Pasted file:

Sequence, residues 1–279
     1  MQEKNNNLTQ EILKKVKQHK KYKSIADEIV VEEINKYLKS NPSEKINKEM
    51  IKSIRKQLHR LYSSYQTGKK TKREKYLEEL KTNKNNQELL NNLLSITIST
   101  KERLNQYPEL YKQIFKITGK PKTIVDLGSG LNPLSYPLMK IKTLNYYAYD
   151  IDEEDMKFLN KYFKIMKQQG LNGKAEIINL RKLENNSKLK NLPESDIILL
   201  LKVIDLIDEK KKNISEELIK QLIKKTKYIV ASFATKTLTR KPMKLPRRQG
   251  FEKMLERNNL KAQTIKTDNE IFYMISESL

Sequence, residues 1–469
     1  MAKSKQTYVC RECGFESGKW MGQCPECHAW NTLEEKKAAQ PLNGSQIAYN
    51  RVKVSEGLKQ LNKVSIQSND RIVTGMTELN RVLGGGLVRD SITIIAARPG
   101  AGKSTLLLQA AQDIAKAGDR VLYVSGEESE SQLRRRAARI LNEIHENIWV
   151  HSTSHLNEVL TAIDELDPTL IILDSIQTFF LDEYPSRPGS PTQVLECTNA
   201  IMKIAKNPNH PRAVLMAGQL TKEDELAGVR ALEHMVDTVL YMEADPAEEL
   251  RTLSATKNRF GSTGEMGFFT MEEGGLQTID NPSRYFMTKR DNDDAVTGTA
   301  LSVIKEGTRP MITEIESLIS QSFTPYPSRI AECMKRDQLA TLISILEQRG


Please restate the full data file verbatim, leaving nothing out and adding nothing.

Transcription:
Sequence, residues 1–279
     1  MQEKNNNLTQ EILKKVKQHK KYKSIADEIV VEEINKYLKS NPSEKINKEM
    51  IKSIRKQLHR LYSSYQTGKK TKREKYLEEL KTNKNNQELL NNLLSITIST
   101  KERLNQYPEL YKQIFKITGK PKTIVDLGSG LNPLSYPLMK IKTLNYYAYD
   151  IDEEDMKFLN KYFKIMKQQG LNGKAEIINL RKLENNSKLK NLPESDIILL
   201  LKVIDLIDEK KKNISEELIK QLIKKTKYIV ASFATKTLTR KPMKLPRRQG
   251  FEKMLERNNL KAQTIKTDNE IFYMISESL

Sequence, residues 1–469
     1  MAKSKQTYVC RECGFESGKW MGQCPECHAW NTLEEKKAAQ PLNGSQIAYN
    51  RVKVSEGLKQ LNKVSIQSND RIVTGMTELN RVLGGGLVRD SITIIAARPG
   101  AGKSTLLLQA AQDIAKAGDR VLYVSGEESE SQLRRRAARI LNEIHENIWV
   151  HSTSHLNEVL TAIDELDPTL IILDSIQTFF LDEYPSRPGS PTQVLECTNA
   201  IMKIAKNPNH PRAVLMAGQL TKEDELAGVR ALEHMVDTVL YMEADPAEEL
   251  RTLSATKNRF GSTGEMGFFT MEEGGLQTID NPSRYFMTKR DNDDAVTGTA
   301  LSVIKEGTRP MITEIESLIS QSFTPYPSRI AECMKRDQLA TLISILEQRG